Photo credit Pixabay
By Adam Cook
“More than 90 Americans die from overdoses each day.” – The Hill
With addiction being the leading cause of preventable death in the U.S., researchers from the National Institute on Drug Abuse are continuing the quest to find answers on the best treatment options. These studies, combined with anecdotal reports and patient observations, suggest that incorporating exercise into a holistic treatment plan yields many benefits.
“Physical activity can benefit people with substance use disorders in a variety of ways,” explains Kent Runyon, Vice President of Community Relations at Novus Medical Detox Center. “Not only does it provide an outlet to relieve boredom, stress, anxiety and anger — which lead many to turn to drugs and alcohol in the first place — but it also releases endorphins, which activate the body’s opiate receptors and can create a natural ‘high.’”
So, where to begin? Different physical activity affects your mind and body in unique ways, so it’s important to look at several exercise options, and their specific benefits. Just remember, any exercise will aid in your recovery plan, so get up and get moving.
Yoga – According to neuroscientist Dr. Alex Korb, Ph.D., yoga works with the brain to change habits. “It may sound like magic that posing like a proud warrior or a crow could have such extensive effects, but it's not magic. It's neurobiology. This next statement may sound to you either profound or extremely obvious, but it comes down to this: the things you do and the thoughts you have change the firing patterns and chemical composition of your brain. These changes are often transient, but can be long-lasting, particularly if they entail changing a habit.”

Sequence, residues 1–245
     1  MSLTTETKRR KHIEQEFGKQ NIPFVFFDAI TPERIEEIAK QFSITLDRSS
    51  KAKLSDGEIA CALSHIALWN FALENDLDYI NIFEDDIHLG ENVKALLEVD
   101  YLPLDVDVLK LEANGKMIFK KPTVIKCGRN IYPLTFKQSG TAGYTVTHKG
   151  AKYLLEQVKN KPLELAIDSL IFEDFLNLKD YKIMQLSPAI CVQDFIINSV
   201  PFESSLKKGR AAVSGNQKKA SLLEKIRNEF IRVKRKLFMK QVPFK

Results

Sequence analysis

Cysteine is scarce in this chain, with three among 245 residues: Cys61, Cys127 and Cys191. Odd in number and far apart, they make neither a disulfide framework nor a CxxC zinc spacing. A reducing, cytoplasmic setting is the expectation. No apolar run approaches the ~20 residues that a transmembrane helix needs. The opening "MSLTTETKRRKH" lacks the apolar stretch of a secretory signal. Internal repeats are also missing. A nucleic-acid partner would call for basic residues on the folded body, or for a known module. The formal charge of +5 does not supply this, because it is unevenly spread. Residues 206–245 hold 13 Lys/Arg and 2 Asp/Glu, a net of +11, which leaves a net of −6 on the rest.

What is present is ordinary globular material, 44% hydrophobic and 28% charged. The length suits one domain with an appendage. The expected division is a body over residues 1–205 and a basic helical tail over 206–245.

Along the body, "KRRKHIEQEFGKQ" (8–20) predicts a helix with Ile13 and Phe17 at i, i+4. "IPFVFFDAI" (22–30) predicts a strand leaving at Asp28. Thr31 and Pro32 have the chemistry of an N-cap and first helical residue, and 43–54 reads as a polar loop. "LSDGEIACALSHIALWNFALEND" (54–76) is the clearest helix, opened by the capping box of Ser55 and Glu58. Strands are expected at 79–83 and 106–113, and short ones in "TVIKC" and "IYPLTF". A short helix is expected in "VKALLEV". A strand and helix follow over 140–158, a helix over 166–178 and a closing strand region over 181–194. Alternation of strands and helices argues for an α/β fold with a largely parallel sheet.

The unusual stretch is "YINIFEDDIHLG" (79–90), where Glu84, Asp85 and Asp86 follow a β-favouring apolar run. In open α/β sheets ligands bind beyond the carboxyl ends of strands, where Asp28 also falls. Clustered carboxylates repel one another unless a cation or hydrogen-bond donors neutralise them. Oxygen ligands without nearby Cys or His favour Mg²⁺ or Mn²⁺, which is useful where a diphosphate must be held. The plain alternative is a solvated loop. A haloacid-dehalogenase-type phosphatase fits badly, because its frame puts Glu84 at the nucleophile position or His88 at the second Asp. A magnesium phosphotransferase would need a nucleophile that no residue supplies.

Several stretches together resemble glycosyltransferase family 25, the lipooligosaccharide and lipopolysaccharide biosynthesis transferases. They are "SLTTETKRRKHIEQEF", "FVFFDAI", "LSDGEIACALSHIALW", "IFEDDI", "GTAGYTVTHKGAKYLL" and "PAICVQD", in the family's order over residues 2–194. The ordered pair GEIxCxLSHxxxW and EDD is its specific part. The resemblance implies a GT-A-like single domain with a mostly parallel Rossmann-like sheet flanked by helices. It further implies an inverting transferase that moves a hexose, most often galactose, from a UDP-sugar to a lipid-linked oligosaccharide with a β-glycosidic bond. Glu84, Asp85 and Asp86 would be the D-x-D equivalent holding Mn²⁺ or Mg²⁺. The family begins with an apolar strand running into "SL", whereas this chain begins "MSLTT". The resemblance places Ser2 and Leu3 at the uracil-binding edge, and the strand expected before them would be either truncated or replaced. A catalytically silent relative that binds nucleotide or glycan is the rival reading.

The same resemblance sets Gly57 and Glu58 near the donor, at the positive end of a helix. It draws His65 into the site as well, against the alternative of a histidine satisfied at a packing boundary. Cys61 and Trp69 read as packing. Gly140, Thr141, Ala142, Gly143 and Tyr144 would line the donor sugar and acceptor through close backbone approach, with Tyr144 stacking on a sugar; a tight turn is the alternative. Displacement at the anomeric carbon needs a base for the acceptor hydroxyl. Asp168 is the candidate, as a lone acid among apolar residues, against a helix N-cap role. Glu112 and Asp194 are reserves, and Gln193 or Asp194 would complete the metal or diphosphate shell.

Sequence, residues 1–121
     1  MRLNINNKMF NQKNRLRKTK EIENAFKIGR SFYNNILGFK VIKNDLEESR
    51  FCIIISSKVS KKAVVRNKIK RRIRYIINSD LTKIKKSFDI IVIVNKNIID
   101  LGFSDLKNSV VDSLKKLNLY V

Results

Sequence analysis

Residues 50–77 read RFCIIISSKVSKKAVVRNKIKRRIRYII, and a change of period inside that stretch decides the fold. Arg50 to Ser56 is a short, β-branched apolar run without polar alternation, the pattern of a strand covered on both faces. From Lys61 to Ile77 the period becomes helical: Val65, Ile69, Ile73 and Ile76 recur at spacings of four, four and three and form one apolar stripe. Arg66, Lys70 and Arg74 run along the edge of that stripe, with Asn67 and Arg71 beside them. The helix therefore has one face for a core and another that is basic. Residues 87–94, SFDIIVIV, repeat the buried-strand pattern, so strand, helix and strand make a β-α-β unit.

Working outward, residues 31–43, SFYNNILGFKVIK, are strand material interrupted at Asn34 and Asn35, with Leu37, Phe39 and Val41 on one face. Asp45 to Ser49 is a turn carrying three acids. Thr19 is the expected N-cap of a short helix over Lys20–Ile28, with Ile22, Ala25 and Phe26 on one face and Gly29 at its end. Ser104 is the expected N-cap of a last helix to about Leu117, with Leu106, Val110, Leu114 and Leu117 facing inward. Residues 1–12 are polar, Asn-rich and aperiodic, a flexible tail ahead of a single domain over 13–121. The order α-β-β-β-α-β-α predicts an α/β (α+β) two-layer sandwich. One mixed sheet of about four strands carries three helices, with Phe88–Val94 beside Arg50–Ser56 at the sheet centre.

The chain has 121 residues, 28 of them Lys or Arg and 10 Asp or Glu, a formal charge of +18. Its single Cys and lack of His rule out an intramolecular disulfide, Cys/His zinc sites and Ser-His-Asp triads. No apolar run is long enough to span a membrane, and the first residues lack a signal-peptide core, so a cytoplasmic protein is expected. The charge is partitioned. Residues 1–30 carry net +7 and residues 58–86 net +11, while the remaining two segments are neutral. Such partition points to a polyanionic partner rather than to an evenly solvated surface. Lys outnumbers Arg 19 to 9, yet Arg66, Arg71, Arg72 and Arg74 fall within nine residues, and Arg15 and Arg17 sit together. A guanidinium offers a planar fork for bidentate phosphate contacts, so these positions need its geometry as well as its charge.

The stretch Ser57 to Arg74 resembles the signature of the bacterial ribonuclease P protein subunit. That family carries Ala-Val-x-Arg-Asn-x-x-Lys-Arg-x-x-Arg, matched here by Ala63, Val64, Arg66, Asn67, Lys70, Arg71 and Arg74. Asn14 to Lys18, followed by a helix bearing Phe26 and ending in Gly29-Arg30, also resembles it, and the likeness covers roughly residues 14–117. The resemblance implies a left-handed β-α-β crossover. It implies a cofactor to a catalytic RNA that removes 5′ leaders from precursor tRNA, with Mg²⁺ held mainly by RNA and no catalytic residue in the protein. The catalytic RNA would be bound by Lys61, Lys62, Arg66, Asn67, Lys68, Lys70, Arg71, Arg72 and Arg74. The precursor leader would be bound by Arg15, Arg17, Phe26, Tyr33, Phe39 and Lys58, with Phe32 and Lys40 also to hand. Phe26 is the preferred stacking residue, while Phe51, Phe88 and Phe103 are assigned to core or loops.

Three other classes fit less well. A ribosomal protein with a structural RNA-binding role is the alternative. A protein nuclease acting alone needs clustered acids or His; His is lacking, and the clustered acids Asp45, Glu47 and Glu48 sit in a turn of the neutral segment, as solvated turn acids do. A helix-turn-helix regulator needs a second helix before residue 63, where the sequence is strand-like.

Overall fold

Hiking or Walking – More and more studies are indicating that a walk through Mother Nature’s great outdoors has many mental health benefits. One of the most important for addicts is its ability to control obsessive thinking. A recent study published in Proceedings of the National Academy of Sciences found that spending time in nature decreases obsessive and negative thoughts by a significant margin.
Aerobic Training – Studies show that exercise can reduce anger, which is key to managing your recovery, as anger and addiction are often intertwined. As SwiftRiver states, “whether anger led to your addiction or addiction led to your anger, the two fuel each other in a dangerous cycle.” Aerobic activity such as running, jumping rope, biking or swimming works to get the body’s heart rate up. According to the Harvard Medical School, “regular aerobic exercise will bring remarkable changes to your body, your metabolism, your heart, and your spirits. It has a unique capacity to exhilarate and relax, to provide stimulation and calm, to counter depression and dissipate stress.”
Adding any of these physical activities to your daily routine will work with your brain and body to support your recovery process, but how do you stay committed? One study suggests that by filling out this simple sentence daily, you are two to three times more likely to stick with your routine - During the next week, I will exercise on [DAY] at [TIME OF DAY] at/in [PLACE].
Remember, you’re not alone, and a good fix takes time, patience, and clear goals. Moira Lawler's addiction recovery goal was to run in the Boston Marathon, “I realized that taking care of yourself is about more than just not drinking. It's about using your body to its full potential, through training and eating healthy food…So I started running for the first time ever…I started to see results. Slowly but surely, I felt better about myself.” Seven half marathons, and a full marathon later, she did it! You can, too!